5. Heather Adsit says:

    I got so tired of opinions and Facebook friends and family thinking I’m not..
    Working out enough
    Eating right
    Sleeping enough <--- that's true.. but sleep is hard Many opinions... And I got sick of being downed. I started taking some on. Good friends who saw my point and accepted it didn't work but I tried... I kept 🙂 Those who where still mean.... I removed from fb. Family who didn't stop.... I stopped taking to as much as I did. You say it right as always 🙂 If it was so easy we would not be here 🙂 We are in this together 🙂 (Hugs) to all fellow MSers 🙂 We know what's real.... don't let anyone make you 2nd guess yourself 🙂

  6. Judy Jolicoeur says:

    This comment is perfectly timed. Thank you! I tried to ask a simple question about symptoms in a “discussion” group this week, and I specifically stated “please don’t send advice about neurologists and drugs, just would like to hear your experience regarding these symptoms.” Guess what I got back? 😉 I really don’t understand this!

  7. Lew Chapman says:

    The thing I hate is when someone acts “cured” by something new that had the debilitating symptom of a numb finger or something but was just really dealing with fear.

  8. Sónia Alves says:

    Sory the english, I’m portuguese.. Thank you for this page! Since I become MS every body knows someone with MS who has a normal good life… Medication works for them, for me even fingolimod isn’t working well… And everybody looks at me as if it was my falt… I havê a full time job, a 11 son, a husband, bills to pay, a house to care… I don’t want to be skick, so I strugle, every single day.

    • Ermelinda Maria Lopes says:

      E lutamos todos os dias. Pessoalmente decidi ariscar parar a medicação até uma nova crise. Com alguma sorte haverá melhor medicação. Se um dia tiver que ir para uma reforma antecipada, prefiro que seja porque a doença progrediu e não porque a medicação me lixou. Mas não tenho nem marido, nem filhos. Por isso vou arriscando. Boa sorte em tudo e não se deixe ir abaixo pela incompreensão dos outros.

    • Sónia Alves says:

      … Você tem coragem! Deixar a medicação para mim não é opção. Em 3 anos já vou na terceira (betaferon, tisabri e agora fingolimod) e ao fim de alguns meses o meu corpo habitua-se e deixa de fazer efeito. O fingolimod é neste momento o último recital que existe e o meu maior medo é que deixe de fazer efeito ou o estado deixar de o fornecer gratuitamente pois é carissimo. A minha terapia alternativa é o meu trabalho e no dia em que tiver de o deixar vai ser o início do fim! Recusei sempre a baixa médica, já fui trabalhar de bengala, com um olho vendado e um cateter na mão para a dose do dia seguinte . Faco-o pela minha família e por mim… é uma forma de não baixar os braços, de não pensar.
      … Não sei como é consigo, mas os meus médicos estao sempre a dizer-me que sou super saudável… Tenho aguentado sempre muito bem os medicamentos sem efeitos secundários visíveis.
      … E claro, tomo anti depressivos… Na minha cabeça contínuo anão aceitar que estou doente… Mas, minha amiga, nunca baixarei os braços!
      É bom poder falar com alguém que passa pelo mesmo. Um abraço!👍

  9. Sara Fielder says:

    I just started shutting people down as soon as they try to mention the new fad diet. My rule is…you can talk to me about it if a real doctor is trying it, or, better yet, if it is in clinical trial.

  10. Nancy Pierce says:

    Amen- I get so tired of people- although they “mean well” who have no clue as to what I go through on a daily basis- the 24/7 pain- weakness etc- With the “Oh I get tired too” comments sometimes I just want to slap some people- I just smile- and tell myself- yeah if they really knew !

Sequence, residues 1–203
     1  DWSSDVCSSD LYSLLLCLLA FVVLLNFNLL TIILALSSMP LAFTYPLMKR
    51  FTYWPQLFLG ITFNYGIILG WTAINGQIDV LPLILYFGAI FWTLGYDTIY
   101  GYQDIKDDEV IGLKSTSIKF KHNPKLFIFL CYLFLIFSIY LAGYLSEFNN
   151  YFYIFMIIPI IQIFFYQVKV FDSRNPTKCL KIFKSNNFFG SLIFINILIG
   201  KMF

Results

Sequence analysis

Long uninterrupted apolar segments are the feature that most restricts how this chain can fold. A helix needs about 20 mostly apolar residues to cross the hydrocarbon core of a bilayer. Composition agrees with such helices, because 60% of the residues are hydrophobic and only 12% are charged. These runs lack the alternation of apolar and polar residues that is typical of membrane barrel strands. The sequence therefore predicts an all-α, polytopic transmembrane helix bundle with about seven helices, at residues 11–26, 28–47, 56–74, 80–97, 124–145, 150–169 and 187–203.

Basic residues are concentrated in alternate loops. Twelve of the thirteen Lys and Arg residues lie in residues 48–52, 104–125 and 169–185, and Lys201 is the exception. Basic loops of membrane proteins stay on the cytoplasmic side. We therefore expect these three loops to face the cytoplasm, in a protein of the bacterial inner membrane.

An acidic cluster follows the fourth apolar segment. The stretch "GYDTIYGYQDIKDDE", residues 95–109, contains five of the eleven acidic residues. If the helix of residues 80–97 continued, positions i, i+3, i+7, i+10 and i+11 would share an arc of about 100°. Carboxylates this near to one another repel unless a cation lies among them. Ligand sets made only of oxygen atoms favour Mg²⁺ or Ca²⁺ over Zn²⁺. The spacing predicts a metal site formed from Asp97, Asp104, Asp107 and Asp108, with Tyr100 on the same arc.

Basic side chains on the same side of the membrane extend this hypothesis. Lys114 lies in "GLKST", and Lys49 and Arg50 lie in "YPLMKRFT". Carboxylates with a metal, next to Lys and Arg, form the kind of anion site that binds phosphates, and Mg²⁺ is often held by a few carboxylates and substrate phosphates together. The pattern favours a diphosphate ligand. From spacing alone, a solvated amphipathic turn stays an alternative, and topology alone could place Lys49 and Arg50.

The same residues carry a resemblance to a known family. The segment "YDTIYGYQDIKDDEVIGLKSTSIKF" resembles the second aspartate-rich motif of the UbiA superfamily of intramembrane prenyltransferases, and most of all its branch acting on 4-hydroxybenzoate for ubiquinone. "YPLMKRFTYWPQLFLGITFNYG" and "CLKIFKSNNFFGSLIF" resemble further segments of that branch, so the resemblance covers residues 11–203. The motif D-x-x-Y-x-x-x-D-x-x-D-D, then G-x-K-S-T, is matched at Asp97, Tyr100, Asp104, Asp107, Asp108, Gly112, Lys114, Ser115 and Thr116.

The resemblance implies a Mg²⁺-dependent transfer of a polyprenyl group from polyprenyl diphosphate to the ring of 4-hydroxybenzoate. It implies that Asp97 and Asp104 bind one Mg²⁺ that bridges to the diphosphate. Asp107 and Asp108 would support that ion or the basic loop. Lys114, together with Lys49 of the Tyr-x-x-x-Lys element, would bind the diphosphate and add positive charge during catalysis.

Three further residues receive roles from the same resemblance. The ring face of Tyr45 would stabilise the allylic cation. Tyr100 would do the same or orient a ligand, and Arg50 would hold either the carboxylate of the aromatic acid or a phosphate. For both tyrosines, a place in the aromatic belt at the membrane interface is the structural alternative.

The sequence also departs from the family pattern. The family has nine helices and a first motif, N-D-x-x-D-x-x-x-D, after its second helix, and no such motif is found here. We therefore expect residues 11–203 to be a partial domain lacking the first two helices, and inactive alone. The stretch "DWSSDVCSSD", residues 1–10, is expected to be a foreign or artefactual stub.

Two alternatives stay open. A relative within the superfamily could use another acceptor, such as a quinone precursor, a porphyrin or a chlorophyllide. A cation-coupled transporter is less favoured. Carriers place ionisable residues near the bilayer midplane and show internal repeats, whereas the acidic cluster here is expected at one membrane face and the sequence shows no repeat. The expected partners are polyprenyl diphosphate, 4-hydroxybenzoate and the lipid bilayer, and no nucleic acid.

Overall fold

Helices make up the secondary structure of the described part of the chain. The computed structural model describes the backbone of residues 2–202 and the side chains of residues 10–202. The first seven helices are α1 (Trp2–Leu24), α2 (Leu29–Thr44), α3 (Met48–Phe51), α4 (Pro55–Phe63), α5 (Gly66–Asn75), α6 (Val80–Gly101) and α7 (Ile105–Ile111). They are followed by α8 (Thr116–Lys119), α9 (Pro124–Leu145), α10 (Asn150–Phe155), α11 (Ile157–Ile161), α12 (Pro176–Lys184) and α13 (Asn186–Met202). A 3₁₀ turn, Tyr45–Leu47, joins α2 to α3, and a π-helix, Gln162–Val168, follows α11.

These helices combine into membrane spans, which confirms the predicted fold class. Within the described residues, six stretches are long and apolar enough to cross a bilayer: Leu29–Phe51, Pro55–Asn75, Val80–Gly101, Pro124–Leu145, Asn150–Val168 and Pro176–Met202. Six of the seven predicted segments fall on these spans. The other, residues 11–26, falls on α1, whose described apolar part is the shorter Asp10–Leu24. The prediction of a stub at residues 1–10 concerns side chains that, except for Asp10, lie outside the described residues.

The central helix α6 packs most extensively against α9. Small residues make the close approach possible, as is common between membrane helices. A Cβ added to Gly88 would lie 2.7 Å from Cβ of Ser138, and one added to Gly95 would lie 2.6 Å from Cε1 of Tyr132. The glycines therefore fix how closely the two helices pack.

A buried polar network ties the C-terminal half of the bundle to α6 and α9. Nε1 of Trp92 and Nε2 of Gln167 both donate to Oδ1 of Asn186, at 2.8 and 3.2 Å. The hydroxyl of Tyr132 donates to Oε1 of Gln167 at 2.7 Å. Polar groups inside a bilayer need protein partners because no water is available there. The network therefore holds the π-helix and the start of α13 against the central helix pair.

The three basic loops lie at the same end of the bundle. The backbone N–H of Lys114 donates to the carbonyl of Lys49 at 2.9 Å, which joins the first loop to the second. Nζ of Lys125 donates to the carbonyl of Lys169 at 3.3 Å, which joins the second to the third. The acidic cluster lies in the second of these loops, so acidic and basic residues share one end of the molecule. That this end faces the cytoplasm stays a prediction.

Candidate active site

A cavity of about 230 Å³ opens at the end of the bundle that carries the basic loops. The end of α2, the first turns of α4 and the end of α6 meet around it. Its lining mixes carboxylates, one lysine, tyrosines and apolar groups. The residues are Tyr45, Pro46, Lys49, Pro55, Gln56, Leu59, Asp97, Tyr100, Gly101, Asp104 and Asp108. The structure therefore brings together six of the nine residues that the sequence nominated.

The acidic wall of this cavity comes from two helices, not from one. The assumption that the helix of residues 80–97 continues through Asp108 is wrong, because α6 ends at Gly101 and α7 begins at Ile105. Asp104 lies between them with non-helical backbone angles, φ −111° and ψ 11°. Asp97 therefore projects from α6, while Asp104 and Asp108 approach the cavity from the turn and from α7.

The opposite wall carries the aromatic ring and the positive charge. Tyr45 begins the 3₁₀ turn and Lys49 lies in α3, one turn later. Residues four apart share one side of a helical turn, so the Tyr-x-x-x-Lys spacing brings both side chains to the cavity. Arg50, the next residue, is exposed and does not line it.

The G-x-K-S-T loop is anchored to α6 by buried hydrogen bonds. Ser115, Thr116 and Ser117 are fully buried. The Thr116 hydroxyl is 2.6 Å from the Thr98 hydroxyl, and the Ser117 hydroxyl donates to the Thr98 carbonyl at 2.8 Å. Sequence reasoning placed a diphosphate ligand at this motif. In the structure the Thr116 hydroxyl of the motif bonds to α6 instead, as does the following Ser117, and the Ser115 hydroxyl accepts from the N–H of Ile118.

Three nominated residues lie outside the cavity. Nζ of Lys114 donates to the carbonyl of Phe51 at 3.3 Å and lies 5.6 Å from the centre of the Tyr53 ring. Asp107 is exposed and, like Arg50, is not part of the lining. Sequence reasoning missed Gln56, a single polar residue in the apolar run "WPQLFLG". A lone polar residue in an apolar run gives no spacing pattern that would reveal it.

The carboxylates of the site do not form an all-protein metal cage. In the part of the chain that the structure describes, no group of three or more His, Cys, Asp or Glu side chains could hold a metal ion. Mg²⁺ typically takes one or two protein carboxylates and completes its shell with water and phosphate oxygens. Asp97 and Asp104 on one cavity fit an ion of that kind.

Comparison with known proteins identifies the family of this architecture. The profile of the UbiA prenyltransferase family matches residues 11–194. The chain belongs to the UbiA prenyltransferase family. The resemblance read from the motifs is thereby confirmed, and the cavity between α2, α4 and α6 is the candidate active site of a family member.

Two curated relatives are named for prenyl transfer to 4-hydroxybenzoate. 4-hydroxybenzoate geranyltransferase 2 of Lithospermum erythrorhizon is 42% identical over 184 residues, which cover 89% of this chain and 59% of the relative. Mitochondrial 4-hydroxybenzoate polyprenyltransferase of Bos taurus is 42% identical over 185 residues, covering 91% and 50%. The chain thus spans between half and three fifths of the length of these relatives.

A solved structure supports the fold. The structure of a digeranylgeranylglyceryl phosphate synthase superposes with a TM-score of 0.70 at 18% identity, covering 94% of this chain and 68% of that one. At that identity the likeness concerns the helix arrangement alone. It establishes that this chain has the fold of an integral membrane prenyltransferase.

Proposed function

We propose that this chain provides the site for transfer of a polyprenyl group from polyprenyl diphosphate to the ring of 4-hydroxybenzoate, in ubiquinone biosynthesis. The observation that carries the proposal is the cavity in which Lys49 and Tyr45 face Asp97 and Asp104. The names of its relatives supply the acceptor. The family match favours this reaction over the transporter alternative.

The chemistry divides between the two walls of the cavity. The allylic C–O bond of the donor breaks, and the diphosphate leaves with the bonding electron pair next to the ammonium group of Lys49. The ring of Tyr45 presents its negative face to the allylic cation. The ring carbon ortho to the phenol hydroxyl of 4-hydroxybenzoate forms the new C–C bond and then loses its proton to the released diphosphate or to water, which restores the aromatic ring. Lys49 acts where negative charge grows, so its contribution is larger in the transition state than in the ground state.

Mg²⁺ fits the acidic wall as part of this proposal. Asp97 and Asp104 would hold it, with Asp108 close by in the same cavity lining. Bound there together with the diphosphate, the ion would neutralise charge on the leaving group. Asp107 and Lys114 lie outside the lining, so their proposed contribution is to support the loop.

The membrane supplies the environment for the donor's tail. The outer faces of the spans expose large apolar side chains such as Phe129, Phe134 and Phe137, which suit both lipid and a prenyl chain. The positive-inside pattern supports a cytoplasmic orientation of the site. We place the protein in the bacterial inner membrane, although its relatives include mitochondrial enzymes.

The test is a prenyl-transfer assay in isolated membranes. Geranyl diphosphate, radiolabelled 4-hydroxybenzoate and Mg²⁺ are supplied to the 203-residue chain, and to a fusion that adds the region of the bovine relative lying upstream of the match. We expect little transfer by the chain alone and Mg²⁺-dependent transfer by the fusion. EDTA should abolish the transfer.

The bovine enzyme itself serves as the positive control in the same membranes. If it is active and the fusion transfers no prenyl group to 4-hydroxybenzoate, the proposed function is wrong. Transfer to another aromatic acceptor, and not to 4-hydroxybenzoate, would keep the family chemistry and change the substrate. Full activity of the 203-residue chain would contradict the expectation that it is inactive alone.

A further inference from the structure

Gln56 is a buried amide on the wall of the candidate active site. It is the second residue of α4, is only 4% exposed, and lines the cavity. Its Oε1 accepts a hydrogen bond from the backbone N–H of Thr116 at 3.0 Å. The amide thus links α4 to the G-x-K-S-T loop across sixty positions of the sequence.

11. Eric Ostdahl says:

    thing that makes me mad us the dr’s. two years of you have a bulged disk pushing on nerves. thats why your left leg is numb. then a few more mri’s a spinal tap and its no its m.s. oh dang. ok . well what about the bulged disk? the answer from them is we arnt worried about the disk. 3 dr’s. was it never nothing or do they feel its not worth it cause i may lose feeling anyhow. gets frustrating

    • Terrie
      Terrie says:

      I had the same exact experience…It’s radiculopathy, sciatica, migraines, Even the neuro ordered EMG of my entire lower extremity and diagnosed me with pinched nerve from sciatica!!! Maybe if she would have ORDERED an MRI, I would have saved 6 long years of seeing MANy different docs, I could have saved tons of money but most importantly I could’ve started treatment and would have less damage done.

  12. Pixie Boris says:

    Love it….
    My sister’s cousin’s boyfriend had MS and he ate broccoli 3 times a day and now he can walk fine.. He may even run a 5k…
    Ahhhhhh… Just drives me

    • Val Hanna says:

      Well my friends sisters husbands uncles great grandfather’s wife’s sister in laws grandson ate prunes for breakfast lunch and dinner and well he was cured and lived till he was 107 if you try that you never know…:-D

  13. Shannon Powell says:

    I’m sick of getting lectures from well meaning people and I am newly diagnosed. Lol. I’ll listen to my husband and parents but that’s about it and it’s only because they have to listen to me whine!

  14. Hope Wissel
    Hope Wissel says:

    I am so grateful that I found this page. As someone who is newly diagnosed, I am struggling. I feel alone since my biggest obstacle is how MS has affected my memory. It has hit my brain the hardest – I often wish that I could have the physical pain because I know what to do with that but what do you do when you can’t remember things that are important to you. I would love to connect with someone who struggles with these same symptoms. Having lived through my grandmother’s alzheimer’s, I fear even more loss of my memory. You are an encouraging light in the morning. Thank you.

    • Penelope Conway
      Penelope Conway says:

      The cognitive struggles are hard, but try not to worry about tomorrow and what “might” happen. Those “might’s” usually don’t happen. Use post-it notes, schedules and alarms on your phone to help with reminders. They make a world of difference. xoxo